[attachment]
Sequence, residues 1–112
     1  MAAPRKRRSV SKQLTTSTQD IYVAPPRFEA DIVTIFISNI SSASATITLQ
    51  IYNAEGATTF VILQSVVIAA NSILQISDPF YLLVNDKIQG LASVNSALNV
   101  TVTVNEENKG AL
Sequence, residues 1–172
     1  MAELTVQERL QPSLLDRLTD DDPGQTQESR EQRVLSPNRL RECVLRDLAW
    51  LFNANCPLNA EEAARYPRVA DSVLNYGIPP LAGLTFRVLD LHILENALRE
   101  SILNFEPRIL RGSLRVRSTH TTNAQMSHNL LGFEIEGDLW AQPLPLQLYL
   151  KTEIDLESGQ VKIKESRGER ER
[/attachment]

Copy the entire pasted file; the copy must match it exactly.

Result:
Sequence, residues 1–112
     1  MAAPRKRRSV SKQLTTSTQD IYVAPPRFEA DIVTIFISNI SSASATITLQ
    51  IYNAEGATTF VILQSVVIAA NSILQISDPF YLLVNDKIQG LASVNSALNV
   101  TVTVNEENKG AL
Sequence, residues 1–172
     1  MAELTVQERL QPSLLDRLTD DDPGQTQESR EQRVLSPNRL RECVLRDLAW
    51  LFNANCPLNA EEAARYPRVA DSVLNYGIPP LAGLTFRVLD LHILENALRE
   101  SILNFEPRIL RGSLRVRSTH TTNAQMSHNL LGFEIEGDLW AQPLPLQLYL
   151  KTEIDLESGQ VKIKESRGER ER